The sulphuric acid dissolves tin, whether concentrated or diluted with water; part of the acid is decomposed, and files off in the form of sulphurous acid gas. Heat accelerates the effect of the acid. Tin, dissolved in the sulphuric acid, is very caustic.

The solution of tin in the nitric acid is performed with astonishing rapidity, and the metal is precipitated almost instantly in the form of a white oxide. If this acid be loaded with all the tin it is capable of calcining, and the oxide be washed with a considerable quantity of distilled water, a salt may be obtained by evaporation, which detonates alone in a crucible well heated, and burns with a white and thick flame, like that of phosphorus. The nitric acid holds but a very small quantity of tin in solution, and when evaporated for the purpose of obtaining crystals, the dissolved portion quickly precipitates, and the acid remains nearly in a state of purity. Nitric acid, much diluted, holds rather more tin in solution, but lets it fall by standing, or by the application of heat.

The muriatic acid dissolves tin, whether cold or hot, diluted or concentrated. If fuming, and assisted by a gentle heat, the addition of the tin instantly causes it to lose its colour and property of emitting fumes, and a slight effervescence takes place. The acid dissolves more than half its weight of tin; the solution is yellowish, of a fetid smell, and affords no precipitate of oxide, like the sulphuric and nitric acids.

The oxy-muriatic acid dissolves tin very readily, and without effervescence, because the metal quickly absorbs the superabundant oxygen from the acid, and requires'no decomposition of the water to effect its oxidation.

Nitro-muriatic acid, made with two parts of nitric acid, and one of muriatic acid, dissolves tin with effervescence. It is the solution of tin in this acid which the dyers employ to heighten the colour of their scarlet dyes. It is prepared by adding small portions at a time, of tin, to the common aquafortis of commerce: when the appearance of oxide is observed at the bottom of the jar, muriate of soda is added, by which its solution is effected. If the colour imparted by this solution is not bright, a little nitrate of potass is added to it

The acetous, and most other vegetable acids, have some action upon tin, particularly when aided by a gentle heat; but the solutions thus obtained are not used in the arts. Tin decomposes the corrosive muriate of mercury. It is for this purpose amalgamated with a small portion of mercury and this amalgam, being first triturated in a mortar with the corrosive muriate, the mixture is then distilled by a gentle heat A colourless liquor first passes over, and is followed by a thick white vapour, which issues with a kind of explosion, and covers the internal surface of the receiver with a very thin white crust. The vapour becomes condensed into a transparent liquor, which continually emits a thick, white, and very abundant fume. It was formerly called the fuming liquor of Libavius, and is the combination of the muriatic acid and tin.

Tin has a strong affinity for sulphur; the sulphuret of tin may be formed by fusing the two substances together: it is brittle, heavier than tin, and not fusible. It has a blueish colour, a lamellated texture, and is capable of crystallizing.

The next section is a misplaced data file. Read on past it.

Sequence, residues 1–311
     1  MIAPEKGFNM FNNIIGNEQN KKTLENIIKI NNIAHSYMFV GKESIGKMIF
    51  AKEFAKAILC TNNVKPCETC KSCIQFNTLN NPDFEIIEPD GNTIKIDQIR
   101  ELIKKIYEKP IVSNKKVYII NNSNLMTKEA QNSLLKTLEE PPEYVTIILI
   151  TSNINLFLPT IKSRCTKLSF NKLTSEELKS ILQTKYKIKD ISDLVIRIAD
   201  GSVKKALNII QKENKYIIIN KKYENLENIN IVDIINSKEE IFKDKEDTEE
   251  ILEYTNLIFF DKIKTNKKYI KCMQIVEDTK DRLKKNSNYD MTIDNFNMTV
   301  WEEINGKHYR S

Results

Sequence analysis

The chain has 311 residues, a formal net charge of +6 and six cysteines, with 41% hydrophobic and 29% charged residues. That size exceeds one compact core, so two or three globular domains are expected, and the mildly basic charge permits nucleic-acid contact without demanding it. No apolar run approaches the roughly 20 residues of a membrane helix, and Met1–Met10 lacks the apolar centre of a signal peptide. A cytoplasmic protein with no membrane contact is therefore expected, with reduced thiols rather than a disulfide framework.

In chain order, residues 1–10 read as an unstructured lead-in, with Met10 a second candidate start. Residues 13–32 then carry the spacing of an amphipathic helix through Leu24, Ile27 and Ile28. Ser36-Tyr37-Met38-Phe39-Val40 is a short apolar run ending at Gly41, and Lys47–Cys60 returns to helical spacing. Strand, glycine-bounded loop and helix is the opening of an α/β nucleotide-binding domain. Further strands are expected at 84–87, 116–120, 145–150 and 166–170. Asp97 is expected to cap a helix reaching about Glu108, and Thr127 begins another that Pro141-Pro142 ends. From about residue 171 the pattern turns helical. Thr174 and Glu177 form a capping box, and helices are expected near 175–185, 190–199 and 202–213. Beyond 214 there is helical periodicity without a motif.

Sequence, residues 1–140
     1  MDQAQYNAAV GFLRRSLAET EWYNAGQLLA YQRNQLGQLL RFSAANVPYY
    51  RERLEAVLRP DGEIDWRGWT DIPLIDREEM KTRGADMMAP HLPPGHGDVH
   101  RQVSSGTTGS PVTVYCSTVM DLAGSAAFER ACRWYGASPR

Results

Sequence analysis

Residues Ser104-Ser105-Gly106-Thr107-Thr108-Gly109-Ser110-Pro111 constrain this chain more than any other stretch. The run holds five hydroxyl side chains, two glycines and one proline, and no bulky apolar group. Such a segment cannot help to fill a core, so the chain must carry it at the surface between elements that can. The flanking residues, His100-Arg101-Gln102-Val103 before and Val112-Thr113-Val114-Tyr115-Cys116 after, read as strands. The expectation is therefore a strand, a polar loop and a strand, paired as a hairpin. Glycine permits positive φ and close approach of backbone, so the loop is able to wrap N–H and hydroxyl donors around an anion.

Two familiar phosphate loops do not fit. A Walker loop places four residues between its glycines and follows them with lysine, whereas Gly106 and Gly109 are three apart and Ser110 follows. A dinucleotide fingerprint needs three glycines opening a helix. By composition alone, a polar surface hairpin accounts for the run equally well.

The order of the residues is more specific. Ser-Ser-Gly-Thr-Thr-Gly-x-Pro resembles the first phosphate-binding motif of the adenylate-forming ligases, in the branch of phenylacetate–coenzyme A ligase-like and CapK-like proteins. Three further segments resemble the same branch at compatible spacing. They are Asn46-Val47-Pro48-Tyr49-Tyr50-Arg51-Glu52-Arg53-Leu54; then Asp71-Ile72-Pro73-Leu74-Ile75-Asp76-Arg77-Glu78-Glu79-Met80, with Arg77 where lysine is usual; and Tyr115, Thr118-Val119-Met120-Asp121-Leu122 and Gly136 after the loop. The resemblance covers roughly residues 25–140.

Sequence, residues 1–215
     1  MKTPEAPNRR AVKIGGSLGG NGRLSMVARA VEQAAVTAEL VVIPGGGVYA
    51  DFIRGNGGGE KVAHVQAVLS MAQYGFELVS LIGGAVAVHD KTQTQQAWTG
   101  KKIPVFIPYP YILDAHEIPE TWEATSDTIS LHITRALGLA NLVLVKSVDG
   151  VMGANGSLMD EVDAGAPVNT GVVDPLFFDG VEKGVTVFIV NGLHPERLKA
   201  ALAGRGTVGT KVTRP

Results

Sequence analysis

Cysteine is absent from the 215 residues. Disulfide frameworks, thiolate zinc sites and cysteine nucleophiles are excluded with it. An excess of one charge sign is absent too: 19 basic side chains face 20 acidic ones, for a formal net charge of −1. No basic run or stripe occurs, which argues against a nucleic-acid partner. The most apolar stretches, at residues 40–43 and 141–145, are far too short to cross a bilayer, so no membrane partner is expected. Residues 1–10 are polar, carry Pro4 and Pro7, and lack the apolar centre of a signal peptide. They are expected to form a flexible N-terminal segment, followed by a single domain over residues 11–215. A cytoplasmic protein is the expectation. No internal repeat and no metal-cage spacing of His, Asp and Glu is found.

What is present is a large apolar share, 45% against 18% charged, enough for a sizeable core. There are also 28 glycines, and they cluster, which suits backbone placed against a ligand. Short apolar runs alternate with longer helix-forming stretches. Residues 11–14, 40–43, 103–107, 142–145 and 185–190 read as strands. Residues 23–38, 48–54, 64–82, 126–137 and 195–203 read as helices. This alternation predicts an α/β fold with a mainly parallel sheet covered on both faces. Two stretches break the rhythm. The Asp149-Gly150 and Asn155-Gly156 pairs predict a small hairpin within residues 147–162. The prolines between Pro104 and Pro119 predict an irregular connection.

The white oxide of tin combines with sulphur, and forms a compound called aurum musivum, or mosaic gold, which is much used for giving to plaster-of-Paris the resemblance of bronze, and improving the appearance of bronze itself. It is also occasionally used to increase the effects of electrical machines. See Aurum Musivum.

Tin possesses the property in a remarkable degree of promoting the fusibility of other metals, with which it is mixed. Two parts of lead, and one of tin, which forms the best plumber's solder, melt at a temperature of little more than 300 Fahr.; although the melting point of tin alone is 440o, and that of lead 612o. One part of tin, and two of lead, which forms the inferior plumber's solder, melt at a lower temperature than the first-mentioned proportions, notwithstanding the increased quantity of the less fusible metal. Eight parts of bismuth, (which melts per se at 480°,) five of lead, and three of tin, fuse at a heat below that of boiling water. It is this alloy of which tea-spoons are sometimes made, to surprise those who are ignorant of their nature, by their melting in a cup of hot tea.

The uses of tin are so very numerous, and so well known, as not to need detailing. We shall advert to only a few; viz. the fabrication of boilers and kettles for dyers' use; the worms of stills; the drawing of pipes, (erroneously called pewter) for gas conduits, for beer, wine, vinegar, and other acetous liquids, which have no action upon pure tin: if the tin were alloyed, it could not be drawn into sound pipes. Tin forms the principal ingredient in pewter of all qualities, and enters largely into the greater part of the white alloys in such extensive use. Immense quantities of tin are used in the fabrication of tinned iron plates, improperly called tin-plates. We may also here notice a new and most important application of this pure metal, (under a patent granted to Mr. John Warner, jun. founder, etc, of Cripplegate, London,) which is that of giving a perfect and beautiful coat of tin to lead pipes, which thus possess the valuable qualities of both metals; viz. the cheapness and flexibility of lead, and the purity and indestructibility of tin.